World leaders’ lack of urgency to fight climate crisis hangs over UN General Assembly

“Climate change ignores power politics. It doesn’t care how many armies you have, how many weapons you have… We saw in the pandemic when we don’t organize collectively how damaging it is. Climate is just much worse.”

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The United Nations headquarters (C) amid the skyline of New York City where the high-level 76th session of the UN General Assembly is taking place on Sep. 20, 2021. ED JONES / AFP via Getty Images

Stark warnings abound as world leaders gather for the U.N. General Assembly this week.

The annual meeting will likely be dominated by the coronavirus pandemic and climate change — it comes just six weeks before the U.N.’s COP26 climate conference in Glasgow, Scotland. Current ambitions from the world’s countries are not nearly enough to keep warming within non-cataclysmic limits, the U.N. warned Friday. The aggregation of climate action plans from 191 nations would heat the planet by a horrific 4.9°F (2.7°C) by 2100, the report found, with time rapidly running out to limit warming to the 2.7°F (1.5°C) goal set out in the Paris agreement.

Not only must countries increase their ambition and accelerate action, but wealthy nations must also make good on their commitments to aid developing countries. In 2009, rich countries pledged to provide $100 billion in aid annually to developing nations by 2020, but a new report from the OECD says 2019 funding (the last year for which data is available) was less than $80 billion, just 2% more than the previous year.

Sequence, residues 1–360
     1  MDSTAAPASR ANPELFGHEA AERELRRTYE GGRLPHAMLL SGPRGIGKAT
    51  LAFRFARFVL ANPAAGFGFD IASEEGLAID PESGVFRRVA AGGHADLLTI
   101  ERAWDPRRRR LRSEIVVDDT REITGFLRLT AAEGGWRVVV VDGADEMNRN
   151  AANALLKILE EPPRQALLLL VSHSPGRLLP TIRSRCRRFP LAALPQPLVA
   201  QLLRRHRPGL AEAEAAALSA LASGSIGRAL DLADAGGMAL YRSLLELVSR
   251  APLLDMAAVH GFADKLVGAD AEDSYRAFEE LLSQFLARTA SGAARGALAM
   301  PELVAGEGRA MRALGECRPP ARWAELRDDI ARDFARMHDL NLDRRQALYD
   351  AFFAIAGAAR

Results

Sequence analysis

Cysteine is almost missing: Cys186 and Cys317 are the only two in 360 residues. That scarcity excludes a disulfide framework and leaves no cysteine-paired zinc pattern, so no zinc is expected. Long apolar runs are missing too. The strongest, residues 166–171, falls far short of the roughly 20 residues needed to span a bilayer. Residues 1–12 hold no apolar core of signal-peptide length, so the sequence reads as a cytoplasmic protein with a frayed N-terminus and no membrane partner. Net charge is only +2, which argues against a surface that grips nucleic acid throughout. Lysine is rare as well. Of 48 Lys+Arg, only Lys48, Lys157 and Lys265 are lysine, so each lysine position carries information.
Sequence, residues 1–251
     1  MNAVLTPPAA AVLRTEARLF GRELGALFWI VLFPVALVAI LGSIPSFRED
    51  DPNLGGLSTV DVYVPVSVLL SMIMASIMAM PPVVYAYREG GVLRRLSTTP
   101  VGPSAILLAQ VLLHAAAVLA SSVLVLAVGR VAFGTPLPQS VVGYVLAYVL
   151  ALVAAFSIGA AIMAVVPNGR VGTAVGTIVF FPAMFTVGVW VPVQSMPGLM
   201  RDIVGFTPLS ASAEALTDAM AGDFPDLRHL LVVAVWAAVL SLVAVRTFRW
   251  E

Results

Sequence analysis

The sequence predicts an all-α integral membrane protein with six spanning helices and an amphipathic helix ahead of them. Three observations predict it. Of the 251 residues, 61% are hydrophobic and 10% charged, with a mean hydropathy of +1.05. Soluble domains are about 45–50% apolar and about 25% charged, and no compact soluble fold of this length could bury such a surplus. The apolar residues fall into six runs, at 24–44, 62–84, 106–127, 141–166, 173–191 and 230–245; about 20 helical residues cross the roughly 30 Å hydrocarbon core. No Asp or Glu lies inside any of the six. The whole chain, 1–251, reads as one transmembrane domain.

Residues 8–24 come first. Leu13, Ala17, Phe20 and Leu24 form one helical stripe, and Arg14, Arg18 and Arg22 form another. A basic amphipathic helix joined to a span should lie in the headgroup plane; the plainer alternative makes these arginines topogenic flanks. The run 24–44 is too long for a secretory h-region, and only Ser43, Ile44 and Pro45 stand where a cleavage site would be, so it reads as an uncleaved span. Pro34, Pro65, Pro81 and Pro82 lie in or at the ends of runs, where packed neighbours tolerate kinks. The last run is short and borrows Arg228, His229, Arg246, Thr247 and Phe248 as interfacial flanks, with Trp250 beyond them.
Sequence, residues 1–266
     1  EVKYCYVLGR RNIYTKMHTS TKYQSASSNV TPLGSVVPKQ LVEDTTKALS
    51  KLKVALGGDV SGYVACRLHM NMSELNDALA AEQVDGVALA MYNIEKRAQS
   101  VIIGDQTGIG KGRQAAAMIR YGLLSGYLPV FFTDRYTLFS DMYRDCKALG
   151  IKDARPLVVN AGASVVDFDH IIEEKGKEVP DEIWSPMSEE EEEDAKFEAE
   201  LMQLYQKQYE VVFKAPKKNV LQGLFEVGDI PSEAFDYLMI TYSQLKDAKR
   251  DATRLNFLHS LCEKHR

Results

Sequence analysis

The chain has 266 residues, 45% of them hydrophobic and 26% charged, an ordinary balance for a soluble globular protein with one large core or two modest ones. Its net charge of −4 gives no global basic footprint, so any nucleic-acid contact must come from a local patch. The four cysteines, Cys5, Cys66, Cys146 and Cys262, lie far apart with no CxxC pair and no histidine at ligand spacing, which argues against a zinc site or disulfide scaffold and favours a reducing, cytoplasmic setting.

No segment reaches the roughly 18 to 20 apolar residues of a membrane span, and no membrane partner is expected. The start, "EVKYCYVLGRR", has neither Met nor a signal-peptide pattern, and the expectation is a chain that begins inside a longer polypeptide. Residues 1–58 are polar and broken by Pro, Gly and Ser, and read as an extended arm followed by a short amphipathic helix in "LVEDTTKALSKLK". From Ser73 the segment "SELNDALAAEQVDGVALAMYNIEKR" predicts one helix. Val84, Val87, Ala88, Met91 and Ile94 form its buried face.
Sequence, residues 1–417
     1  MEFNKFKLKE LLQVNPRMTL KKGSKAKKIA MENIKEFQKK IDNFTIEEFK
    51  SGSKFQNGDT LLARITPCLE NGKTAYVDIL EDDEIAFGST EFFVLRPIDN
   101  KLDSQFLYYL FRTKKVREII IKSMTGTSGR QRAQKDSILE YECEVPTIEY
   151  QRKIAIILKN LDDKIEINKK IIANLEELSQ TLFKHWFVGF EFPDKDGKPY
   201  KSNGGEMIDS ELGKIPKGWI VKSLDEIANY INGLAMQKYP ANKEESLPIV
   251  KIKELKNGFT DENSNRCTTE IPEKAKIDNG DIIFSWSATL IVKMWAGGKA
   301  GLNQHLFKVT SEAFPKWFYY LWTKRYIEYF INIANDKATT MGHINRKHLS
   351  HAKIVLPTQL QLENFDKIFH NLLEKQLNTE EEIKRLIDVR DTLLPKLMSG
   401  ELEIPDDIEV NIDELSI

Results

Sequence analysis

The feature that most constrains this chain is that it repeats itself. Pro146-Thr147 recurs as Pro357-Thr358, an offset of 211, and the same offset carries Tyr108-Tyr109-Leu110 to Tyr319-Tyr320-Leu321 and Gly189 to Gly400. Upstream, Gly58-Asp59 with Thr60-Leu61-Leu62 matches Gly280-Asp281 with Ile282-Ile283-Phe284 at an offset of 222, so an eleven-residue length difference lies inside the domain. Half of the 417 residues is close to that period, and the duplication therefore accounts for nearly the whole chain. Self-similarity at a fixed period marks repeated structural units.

If wealthy nations don’t make good on their promises, “then the whole system is in question,” Mohamed Nasr, an Egyptian diplomat who negotiates climate finance issues on behalf of the African group of nations, told POLTICO. “If you are asking developing countries to do more and more and more — which they are willing to do — and you are not delivering on your pledges, then there is a question mark.”

As reported by The Washington Post:

“They have to send some messages that we can still hang together,” Laurence Tubiana, chief executive of the European Climate Foundation, said of the need for countries to separate trade wars, national security squabbles and other fights from the need to join forces on climate change.

“It’s a common threat,” said Tubiana, a key architect of the 2015 Paris agreement. “Climate change ignores power politics. It doesn’t care how many armies you have, how many weapons you have… We saw in the pandemic when we don’t organize collectively how damaging it is. Climate is just much worse.”

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